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Chapter 4 : A Bit of Luck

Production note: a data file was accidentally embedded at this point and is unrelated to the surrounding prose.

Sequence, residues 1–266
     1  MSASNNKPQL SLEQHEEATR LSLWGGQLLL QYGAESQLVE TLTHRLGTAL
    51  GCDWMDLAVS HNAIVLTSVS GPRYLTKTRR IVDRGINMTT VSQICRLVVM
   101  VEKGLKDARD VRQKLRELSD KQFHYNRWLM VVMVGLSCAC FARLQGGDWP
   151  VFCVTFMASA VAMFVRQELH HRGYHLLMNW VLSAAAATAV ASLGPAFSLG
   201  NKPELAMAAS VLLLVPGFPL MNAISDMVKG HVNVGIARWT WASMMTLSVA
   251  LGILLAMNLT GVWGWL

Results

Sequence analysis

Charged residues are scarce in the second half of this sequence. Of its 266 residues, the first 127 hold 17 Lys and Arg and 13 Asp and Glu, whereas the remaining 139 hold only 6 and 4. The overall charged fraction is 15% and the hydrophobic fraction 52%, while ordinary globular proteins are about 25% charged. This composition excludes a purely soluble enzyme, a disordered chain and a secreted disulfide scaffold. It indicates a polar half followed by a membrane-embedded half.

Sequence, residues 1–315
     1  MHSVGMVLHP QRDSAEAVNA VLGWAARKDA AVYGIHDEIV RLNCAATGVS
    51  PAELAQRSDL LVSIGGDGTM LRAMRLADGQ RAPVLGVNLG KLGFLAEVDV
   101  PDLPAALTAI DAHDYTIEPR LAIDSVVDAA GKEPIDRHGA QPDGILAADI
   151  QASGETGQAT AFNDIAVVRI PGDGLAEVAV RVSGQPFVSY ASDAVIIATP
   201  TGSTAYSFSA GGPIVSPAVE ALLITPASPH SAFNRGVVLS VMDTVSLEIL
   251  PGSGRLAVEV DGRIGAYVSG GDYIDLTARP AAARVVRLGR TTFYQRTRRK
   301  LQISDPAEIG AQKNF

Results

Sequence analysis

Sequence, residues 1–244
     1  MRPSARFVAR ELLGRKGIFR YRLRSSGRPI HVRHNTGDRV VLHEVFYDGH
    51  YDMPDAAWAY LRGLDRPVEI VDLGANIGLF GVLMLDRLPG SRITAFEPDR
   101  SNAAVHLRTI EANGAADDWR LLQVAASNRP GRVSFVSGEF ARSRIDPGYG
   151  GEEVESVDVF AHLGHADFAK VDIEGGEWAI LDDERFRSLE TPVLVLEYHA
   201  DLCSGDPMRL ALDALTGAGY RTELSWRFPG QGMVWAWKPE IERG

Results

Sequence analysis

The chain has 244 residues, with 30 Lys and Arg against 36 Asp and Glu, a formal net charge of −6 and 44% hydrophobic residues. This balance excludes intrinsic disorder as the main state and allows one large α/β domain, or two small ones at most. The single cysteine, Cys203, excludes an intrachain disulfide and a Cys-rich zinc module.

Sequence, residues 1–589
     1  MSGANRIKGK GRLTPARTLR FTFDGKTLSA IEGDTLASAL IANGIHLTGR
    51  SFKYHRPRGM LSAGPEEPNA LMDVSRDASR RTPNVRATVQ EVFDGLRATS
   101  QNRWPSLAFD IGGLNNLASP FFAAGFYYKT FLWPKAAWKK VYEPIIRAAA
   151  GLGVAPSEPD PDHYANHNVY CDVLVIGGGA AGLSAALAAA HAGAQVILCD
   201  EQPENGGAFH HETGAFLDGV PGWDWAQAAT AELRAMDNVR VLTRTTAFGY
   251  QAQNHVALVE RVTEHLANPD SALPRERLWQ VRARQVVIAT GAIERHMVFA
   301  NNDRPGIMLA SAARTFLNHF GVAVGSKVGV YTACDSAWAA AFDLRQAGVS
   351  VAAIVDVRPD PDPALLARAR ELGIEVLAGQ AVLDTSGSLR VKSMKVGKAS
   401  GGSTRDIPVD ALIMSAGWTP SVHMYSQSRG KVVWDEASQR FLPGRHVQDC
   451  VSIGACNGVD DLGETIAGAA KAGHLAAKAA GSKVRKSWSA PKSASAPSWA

In this chapter, the author relates his experiences as Jacques assistant at the laboratory. The core of the question in those days (1948–1950) was to understand why there was an increased rate of enzyme formation upon addition of the substrate (adaptation) or a diauxic inhibition. The working hypotheses in the lab were that “many different enzymes may stem from a common precursor or pool of precursor molecules” and that the “master pattern configuration determining the specificity was not the enzyme itself but a pre-existing self-duplicating unit (the gene).” On April 11, 1949, the author and Jacques spent the day at 37№C to give birth to the “bactogène.” The results were encouraging and Jacques wrote in his notebook the theory which was the basis of the bactogène.